99 search results
When Life Gives You Lemons
Students create input-output tables to find numerical patterns and relationships in the real world through the process of making lemonade.
Hooked on Inferring
In this lesson, students use text evidence and schema to create an inference. Students read informational text and practice inferring with varying levels of support.
Creating Connections Across Literary Texts
Students will explore organizational patterns in short passages and use signal words/phrases as evidence to support the main idea and their understanding.
Courts of Measure
Students will use measurement tools to measure the dimensions of the basketball court and calculate the area of the court.
Revising and Editing Escape Room
Students will collaboratively apply revising and editing skills to make their way through passages and a series of questions to decode a lock. If groups successfully complete the tasks, they will escape the room and win a prize.
In this lesson, students analyze, rate, and revise questions generated in response to their reading of a short story. They use the questions in student-led conversations and activities, helping them understand the connection between strong questioning, inferring, and communicating during reading.
Analyzing the Text for Summary and Connections
Students will critically think and communicate; they will summarize a text to understand and make connections to other texts, themselves, and the world.
Revising for Coherence
Students will use a checklist to peer edit a composition. They will check for coherence through the proper use of transition words and conjunctions.
Solving Equations and Inequalities
Students will be divided into four groups and work on their assigned task to become an expert. They will match vocabulary terms with definitions and examples, use the “Pass the Pen” strategy to create and solve equations or inequalities, or write a real-world problem for an equation given. The experts will then teach these concepts to their peers.
Students assume roles of paragraph parts, including the main idea and supporting details, in order to reassemble a text that has been divided into pieces based on textual purpose.
Figuring out Figurative Language
Students will work collaboratively to infer the implied meaning of a metaphor used in a poem. Students will complete a graphic organizer in which they discuss with their peers the two items being compared in the metaphor, write and illustrate the literal meaning of each word being compared, and use this information to infer the implied meaning of the metaphor. The lesson has a strong focus on vocabulary development and is designed with English learners (ELs) in mind.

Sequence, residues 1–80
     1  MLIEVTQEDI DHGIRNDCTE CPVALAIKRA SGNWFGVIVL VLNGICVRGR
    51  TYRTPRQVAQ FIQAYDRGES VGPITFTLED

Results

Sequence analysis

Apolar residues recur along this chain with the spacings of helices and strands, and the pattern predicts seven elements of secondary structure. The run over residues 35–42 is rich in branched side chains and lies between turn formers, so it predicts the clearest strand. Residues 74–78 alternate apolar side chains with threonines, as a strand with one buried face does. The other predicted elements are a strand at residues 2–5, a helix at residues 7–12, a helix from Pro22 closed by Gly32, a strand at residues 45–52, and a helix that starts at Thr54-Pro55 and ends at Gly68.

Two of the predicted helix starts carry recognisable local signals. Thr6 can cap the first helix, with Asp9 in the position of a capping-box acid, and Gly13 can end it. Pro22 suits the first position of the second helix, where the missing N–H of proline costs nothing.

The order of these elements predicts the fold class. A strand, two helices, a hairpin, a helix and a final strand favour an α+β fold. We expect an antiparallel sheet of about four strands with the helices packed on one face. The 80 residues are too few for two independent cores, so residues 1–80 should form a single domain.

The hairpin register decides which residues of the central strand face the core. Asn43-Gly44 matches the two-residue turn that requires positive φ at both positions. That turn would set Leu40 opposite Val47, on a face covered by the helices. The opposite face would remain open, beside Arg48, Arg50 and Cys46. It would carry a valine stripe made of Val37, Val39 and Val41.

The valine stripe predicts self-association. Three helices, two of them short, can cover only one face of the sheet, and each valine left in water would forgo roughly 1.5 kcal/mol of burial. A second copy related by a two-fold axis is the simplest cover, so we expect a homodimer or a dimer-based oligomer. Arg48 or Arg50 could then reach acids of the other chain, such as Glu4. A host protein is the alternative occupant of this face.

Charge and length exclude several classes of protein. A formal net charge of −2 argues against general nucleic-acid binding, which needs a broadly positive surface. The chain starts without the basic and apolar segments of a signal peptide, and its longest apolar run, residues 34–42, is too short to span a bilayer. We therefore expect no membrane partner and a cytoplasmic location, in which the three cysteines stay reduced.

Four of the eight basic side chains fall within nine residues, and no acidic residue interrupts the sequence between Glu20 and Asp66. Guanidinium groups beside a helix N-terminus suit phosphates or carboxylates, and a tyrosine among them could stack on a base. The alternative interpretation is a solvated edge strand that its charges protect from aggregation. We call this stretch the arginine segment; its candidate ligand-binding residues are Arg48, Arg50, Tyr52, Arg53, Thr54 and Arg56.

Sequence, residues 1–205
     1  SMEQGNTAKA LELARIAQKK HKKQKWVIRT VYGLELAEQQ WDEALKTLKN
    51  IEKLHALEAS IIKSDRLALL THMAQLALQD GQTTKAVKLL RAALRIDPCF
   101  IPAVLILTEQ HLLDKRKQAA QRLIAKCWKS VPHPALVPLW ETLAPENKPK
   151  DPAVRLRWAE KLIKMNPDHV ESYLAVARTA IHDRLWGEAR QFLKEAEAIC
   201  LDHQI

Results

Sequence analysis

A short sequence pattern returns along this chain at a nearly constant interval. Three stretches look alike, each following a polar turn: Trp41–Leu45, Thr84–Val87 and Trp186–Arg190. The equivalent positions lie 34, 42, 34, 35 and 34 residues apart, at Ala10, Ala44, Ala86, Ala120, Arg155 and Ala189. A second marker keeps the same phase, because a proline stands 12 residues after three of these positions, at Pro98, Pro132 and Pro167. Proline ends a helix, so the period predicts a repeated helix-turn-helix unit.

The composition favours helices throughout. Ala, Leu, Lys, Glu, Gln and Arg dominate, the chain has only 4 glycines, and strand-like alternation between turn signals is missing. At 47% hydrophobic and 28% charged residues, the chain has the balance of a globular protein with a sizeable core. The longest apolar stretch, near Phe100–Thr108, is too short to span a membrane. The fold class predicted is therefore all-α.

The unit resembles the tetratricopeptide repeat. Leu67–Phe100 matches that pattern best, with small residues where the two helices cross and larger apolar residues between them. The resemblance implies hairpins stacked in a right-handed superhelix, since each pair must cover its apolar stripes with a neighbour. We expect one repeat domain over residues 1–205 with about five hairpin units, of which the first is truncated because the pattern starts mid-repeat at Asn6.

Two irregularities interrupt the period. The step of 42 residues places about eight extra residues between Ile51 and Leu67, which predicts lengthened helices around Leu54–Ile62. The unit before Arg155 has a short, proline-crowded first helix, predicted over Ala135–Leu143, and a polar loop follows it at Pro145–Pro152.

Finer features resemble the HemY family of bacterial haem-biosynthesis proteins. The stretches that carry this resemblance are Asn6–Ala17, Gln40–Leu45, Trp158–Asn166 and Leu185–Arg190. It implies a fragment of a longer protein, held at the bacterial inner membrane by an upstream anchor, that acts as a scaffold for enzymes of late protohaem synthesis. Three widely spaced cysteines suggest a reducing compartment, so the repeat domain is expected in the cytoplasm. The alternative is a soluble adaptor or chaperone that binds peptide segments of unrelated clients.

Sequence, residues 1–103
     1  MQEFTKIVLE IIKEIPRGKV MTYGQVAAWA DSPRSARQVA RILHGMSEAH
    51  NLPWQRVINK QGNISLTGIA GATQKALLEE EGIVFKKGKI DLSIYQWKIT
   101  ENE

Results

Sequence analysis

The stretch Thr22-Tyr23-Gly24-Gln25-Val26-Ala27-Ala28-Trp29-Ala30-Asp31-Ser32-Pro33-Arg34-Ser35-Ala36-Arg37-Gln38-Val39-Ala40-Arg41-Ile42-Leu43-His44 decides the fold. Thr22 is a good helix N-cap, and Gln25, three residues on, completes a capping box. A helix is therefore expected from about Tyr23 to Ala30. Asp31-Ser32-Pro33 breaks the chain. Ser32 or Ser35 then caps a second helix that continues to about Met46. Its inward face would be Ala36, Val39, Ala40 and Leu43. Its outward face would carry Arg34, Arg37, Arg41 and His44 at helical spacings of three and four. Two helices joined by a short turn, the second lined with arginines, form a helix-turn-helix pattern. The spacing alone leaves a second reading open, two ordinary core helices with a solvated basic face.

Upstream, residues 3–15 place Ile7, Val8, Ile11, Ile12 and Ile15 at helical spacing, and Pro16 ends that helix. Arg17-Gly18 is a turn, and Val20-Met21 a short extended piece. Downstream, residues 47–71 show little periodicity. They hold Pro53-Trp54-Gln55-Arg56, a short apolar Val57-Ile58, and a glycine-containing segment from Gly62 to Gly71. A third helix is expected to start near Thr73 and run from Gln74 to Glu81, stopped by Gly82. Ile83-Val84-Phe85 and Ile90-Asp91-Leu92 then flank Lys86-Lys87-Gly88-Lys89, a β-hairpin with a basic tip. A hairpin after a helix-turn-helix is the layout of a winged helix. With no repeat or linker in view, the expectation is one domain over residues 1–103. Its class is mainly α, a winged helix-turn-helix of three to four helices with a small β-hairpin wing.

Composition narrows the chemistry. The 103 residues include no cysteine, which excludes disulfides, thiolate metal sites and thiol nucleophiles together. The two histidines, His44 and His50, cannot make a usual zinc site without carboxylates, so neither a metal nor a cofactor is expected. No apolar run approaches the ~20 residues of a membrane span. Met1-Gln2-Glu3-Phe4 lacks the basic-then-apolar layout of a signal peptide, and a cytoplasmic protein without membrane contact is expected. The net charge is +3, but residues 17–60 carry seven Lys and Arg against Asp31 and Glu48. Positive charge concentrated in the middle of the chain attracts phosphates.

Crime Scene Investigations through Text Structures
Students participate in an activity where they must solve a crime. Students visit different stations that include surveillance tape, tips, eyewitness statements, and a crime scene. Each station is formatted as a different organizational pattern allowing students to practice creating summaries reflecting the structure used.
Organized Authors: Name That Structure
Students will read a text passage, looking for and highlighting key words that indicate the appropriate organizational pattern of the text.
Let's Analyze and Compute Fractions!
Students will compare fractions with unlike denominators to determine whether a given answer to a real-world problem is correct using context and computational skills.
Connecting Author’s Purpose and Organizational Patterns
Students explore and analyze how the author can achieve a specific purpose by using a variety of organizational patterns.
Critiquing and Creating Compound and Complex Sentences
Students will create compound and complex sentences with proper comma usage and present their explanations to the class.
Layers to Understanding Poetry
Students will apply their analytical skills to different types of poems by reviewing the devices used in poetry, reading and analyzing two poems, and creating a poster to demonstrate their learning.
Perfectly Proportional Percents
Students will collaborate to explain verbally how to solve percent proportions and scaling while showing their thinking.
Who Ran the Farthest?
Students determine by using fractions which fourth-grade teacher ran the farthest.
Keep Your Balance!
Students are introduced to solving one-variable, one-step equations using addition and subtraction through models and hands-on activities. The students will learn the substitution method of checking answers.